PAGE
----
First step, talk to your local pastor. Divorce is not an impediment to entering the Church. You do need to understand that without being declared free to marry-- which involves examination and disposition of your first marriage— you aren’t free to marry anyone going forward.

Best wishes on your continued journey to the Church. This will all work out. Make an appointment after Easter to talk to your pastor about your situation.

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No local family of hers whatsoever. Mother deceased, father is much older and in extremely poor health the last time I saw him (6 years prior), so he may not be with us anymore, and her brother is in the navy so there is no telling where he is. I believe that I may be able to prove that she was raised Catholic through her parish, and no, I was never baptised.

I will be contacting a priest soon.

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You may be able to apply for Petrine/Pauline privilege then.

You’d need to prove that she was baptized Catholic but it may be possible. If you know where the tribunal/your parish may be able to access her records.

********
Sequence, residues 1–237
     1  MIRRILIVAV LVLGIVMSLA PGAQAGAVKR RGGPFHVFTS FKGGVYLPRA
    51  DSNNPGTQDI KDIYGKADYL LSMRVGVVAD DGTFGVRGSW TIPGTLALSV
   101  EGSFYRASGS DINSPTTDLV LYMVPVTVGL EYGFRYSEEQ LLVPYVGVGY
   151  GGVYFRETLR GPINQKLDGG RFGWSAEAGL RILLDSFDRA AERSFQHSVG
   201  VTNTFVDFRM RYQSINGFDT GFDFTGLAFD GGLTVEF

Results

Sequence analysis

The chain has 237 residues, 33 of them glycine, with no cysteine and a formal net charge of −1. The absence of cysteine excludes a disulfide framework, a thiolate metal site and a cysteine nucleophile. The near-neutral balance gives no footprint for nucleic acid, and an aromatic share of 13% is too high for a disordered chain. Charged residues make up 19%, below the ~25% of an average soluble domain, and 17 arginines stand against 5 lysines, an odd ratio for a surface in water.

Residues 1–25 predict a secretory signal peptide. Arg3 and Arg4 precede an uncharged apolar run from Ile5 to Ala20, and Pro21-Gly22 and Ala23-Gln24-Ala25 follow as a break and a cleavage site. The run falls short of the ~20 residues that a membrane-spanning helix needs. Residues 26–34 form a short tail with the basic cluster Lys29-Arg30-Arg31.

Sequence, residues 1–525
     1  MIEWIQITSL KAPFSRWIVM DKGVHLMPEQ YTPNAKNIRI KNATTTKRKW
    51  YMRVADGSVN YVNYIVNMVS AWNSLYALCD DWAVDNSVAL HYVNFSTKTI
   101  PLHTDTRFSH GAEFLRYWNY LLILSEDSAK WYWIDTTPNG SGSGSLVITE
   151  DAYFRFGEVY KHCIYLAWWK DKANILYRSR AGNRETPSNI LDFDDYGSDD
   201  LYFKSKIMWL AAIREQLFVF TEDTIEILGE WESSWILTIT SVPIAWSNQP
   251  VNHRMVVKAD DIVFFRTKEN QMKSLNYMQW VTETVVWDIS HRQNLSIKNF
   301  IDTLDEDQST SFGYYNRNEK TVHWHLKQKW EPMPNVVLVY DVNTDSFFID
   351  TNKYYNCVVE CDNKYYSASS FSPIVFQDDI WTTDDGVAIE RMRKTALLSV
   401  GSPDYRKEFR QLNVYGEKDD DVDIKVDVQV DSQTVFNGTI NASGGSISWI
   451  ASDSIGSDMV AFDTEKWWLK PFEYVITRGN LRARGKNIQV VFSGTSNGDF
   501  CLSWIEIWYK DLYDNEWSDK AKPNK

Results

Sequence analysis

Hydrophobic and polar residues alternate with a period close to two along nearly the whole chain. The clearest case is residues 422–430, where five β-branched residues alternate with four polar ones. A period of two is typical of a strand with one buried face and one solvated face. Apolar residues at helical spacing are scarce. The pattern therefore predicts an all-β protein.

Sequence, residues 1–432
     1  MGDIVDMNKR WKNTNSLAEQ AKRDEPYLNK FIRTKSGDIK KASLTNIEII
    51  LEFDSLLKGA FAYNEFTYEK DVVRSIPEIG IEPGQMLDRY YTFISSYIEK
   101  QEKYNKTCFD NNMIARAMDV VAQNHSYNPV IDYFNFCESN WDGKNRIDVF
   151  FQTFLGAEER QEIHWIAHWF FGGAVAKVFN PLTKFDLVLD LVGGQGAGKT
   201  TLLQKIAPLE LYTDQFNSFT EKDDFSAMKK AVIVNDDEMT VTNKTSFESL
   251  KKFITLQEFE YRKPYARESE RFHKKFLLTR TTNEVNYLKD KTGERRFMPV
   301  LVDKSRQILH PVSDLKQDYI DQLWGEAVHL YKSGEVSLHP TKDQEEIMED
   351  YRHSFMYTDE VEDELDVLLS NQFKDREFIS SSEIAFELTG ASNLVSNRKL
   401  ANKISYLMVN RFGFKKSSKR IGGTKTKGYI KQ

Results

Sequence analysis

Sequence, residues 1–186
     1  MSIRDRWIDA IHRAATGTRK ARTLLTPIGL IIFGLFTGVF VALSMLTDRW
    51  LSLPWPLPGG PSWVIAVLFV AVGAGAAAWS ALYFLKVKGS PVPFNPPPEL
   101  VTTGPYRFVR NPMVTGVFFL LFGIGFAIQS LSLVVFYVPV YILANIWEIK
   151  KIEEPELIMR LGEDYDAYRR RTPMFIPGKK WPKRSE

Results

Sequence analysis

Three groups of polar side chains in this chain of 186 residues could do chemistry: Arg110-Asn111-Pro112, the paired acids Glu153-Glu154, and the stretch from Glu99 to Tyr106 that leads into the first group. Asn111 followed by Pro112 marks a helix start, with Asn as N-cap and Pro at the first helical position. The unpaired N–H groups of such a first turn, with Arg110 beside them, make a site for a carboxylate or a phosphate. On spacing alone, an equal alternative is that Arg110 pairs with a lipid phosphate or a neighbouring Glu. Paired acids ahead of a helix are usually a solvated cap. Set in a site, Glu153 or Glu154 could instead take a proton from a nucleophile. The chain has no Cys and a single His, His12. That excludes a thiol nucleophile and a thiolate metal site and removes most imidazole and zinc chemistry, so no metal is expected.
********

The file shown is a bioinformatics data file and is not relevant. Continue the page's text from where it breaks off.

Ah yes, you not being baptized when married may make the process go smoother.

God bless

I had just turned 22 and she was 23 upon marriage. And we never wanted children because at the time we had no problem being selfish and admitting that it was because they were inconvenient, loud, expensive, etc.

Obviously those feelings have changed in the years that have passed.

You may want to table this discussion until you’ve done that. A lot of people come into this process expecting the annulment process to be more complicated than it is, then find out that their own circumstances make it rather straightforward once they’ve spoken to a priest.

Also - welcome home!

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Thanks very much for the candidness. It seems to me your marriage was just a convenience for your then wife, until something else came along. It is harsh. But I wish you well in your forward journey my friend.